National Institute on Aging (NIA):
- Studies of the role of inflammation and immune senescence in adults with Down syndrome with increased susceptibility to SARS-CoV-2 infection and subsequent progression to more severe disease, including lung pathology and ARDS.
- Studies of how host factors, including existing co-occurring conditions such as respiratory, cardiac, and other conditions, predispose older individuals with Down syndrome to acquire SARS-CoV-2 infections and/or develop more severe COVID-19 disease, such as ARDS.
- Studies of mechanisms of underlying SARS-CoV-2 neurological symptoms and pathology in older individuals with Down syndrome and COVID-19; research on the role of brain barriers in preventing SARS-CoV-2 from gaining access to the neural tissues and mechanisms through which SARS-CoV-2 compromises such barriers and propagates in the central nervous system (CNS); neuropathological studies of COVID-19 and the contribution of brain tissue damage by SARS-CoV-2 to the morbidity and mortality in COVID-19 in those with Down syndrome.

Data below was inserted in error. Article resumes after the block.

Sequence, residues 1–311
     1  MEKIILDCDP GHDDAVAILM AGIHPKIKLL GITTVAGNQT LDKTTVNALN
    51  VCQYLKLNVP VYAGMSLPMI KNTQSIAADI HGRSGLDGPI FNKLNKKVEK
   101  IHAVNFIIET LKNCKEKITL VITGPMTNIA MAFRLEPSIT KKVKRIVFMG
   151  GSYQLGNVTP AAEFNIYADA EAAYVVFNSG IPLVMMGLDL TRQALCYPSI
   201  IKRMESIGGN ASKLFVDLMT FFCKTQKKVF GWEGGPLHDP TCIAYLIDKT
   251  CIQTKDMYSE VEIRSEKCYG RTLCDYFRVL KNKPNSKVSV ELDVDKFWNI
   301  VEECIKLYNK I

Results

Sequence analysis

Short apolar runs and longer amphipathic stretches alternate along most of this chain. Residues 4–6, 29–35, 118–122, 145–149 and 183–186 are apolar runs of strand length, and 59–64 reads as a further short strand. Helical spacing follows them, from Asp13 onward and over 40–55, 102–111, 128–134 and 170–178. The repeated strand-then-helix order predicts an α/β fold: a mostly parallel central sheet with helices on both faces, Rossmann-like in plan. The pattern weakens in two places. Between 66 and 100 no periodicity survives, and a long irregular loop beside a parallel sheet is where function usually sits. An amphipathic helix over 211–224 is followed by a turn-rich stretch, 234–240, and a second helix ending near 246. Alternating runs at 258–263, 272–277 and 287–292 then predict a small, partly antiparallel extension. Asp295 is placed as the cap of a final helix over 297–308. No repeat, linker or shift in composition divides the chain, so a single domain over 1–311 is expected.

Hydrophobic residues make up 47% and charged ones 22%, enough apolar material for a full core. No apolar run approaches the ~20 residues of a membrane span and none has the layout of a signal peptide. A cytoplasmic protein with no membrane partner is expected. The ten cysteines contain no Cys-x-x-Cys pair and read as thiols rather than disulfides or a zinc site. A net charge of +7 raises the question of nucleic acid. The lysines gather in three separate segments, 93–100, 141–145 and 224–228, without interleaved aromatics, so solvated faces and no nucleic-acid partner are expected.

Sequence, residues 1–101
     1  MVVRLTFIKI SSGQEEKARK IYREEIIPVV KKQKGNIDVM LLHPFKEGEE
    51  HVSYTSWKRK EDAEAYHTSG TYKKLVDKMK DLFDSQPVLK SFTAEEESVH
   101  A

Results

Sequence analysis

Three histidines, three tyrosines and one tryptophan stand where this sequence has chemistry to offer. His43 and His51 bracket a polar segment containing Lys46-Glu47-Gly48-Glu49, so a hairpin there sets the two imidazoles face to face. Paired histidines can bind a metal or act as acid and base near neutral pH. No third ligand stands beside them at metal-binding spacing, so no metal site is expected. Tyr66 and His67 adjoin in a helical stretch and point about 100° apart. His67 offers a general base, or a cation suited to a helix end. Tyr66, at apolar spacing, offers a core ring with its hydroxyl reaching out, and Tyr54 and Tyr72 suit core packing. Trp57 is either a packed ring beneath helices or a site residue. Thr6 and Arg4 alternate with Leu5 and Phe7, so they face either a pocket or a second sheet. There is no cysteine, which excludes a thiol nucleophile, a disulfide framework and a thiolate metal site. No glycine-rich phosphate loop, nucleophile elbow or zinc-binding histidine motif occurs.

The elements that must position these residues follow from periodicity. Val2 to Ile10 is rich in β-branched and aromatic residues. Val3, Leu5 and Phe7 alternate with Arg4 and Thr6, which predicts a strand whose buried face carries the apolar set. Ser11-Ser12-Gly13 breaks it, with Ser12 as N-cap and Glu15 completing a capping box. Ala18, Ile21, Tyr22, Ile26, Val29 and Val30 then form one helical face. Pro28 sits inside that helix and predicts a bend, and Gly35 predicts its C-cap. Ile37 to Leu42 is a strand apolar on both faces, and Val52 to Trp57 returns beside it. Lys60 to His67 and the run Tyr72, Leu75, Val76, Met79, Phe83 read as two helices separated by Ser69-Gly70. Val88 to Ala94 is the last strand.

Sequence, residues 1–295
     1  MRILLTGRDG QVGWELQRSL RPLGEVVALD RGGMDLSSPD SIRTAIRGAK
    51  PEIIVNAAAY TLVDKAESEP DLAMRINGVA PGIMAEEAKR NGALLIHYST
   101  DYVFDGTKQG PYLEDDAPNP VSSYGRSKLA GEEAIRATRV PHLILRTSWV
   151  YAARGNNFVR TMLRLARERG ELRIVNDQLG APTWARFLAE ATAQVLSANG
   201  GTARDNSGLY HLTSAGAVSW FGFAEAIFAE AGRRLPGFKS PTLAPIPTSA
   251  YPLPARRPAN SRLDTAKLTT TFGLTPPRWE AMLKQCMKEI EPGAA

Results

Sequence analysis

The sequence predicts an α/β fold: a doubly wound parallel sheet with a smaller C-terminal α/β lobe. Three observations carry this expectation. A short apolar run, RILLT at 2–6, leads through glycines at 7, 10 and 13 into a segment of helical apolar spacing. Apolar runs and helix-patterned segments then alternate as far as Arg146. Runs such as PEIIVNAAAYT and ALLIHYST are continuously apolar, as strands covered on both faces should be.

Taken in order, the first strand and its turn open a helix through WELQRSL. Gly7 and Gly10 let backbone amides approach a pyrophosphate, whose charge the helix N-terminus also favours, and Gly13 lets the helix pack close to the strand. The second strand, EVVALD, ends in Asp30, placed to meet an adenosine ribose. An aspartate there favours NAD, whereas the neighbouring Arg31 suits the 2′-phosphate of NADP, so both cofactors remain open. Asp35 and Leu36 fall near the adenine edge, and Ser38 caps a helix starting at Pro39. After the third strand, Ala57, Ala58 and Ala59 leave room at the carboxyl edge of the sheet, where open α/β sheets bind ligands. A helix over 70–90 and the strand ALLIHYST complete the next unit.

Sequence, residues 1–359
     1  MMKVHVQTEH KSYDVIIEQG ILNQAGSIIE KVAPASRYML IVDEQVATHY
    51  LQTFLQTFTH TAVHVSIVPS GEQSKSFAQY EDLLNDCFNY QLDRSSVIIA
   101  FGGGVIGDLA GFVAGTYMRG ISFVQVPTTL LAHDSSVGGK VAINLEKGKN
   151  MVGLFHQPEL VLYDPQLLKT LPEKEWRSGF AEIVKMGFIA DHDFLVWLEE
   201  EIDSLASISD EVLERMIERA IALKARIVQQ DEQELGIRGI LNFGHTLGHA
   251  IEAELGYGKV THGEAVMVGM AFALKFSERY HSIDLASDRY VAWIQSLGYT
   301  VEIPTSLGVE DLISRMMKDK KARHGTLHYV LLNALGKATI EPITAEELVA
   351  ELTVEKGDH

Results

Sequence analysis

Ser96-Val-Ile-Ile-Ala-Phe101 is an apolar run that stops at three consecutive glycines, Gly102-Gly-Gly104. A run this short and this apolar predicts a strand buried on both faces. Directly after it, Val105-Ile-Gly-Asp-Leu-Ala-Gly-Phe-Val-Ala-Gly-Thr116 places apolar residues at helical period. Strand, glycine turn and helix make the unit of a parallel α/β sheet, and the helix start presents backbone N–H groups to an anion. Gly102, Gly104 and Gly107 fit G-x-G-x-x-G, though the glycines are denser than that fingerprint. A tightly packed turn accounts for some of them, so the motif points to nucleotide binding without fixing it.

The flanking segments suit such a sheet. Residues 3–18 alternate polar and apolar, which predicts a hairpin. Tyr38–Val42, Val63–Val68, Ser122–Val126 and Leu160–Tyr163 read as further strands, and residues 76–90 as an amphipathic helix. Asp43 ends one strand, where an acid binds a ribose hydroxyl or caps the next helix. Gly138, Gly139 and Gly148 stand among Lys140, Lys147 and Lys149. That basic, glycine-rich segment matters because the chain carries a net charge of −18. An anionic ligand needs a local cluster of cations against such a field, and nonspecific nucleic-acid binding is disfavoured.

- Studies of neurological and neurocognitive symptoms in COVID-19 and sequelae of SARS-CoV-2 infection related to the development or aggravation of such symptoms in adults with Down syndrome, e.g., delirium or early alterations in sensory function; studies of the susceptibility of people with Down syndrome and Alzheimer's disease or Alzheimer's disease-related dementias (AD/ADRD) to COVID-19.
- Evaluation of strategies to minimize spread of COVID-19 among adults with Down syndrome and their care providers, particularly within congregate housing facilities for those with cognitive impairment such as group homes, including telemedicine and remote medicine strategies.
- Studies of how social distancing requirements impact the care and well-being of vulnerable adult Down syndrome populations with cognitive impairment and/or AD/ADRD, who may be dependent on care providers.
National Institute of Allergy and Infectious Diseases (NIAID):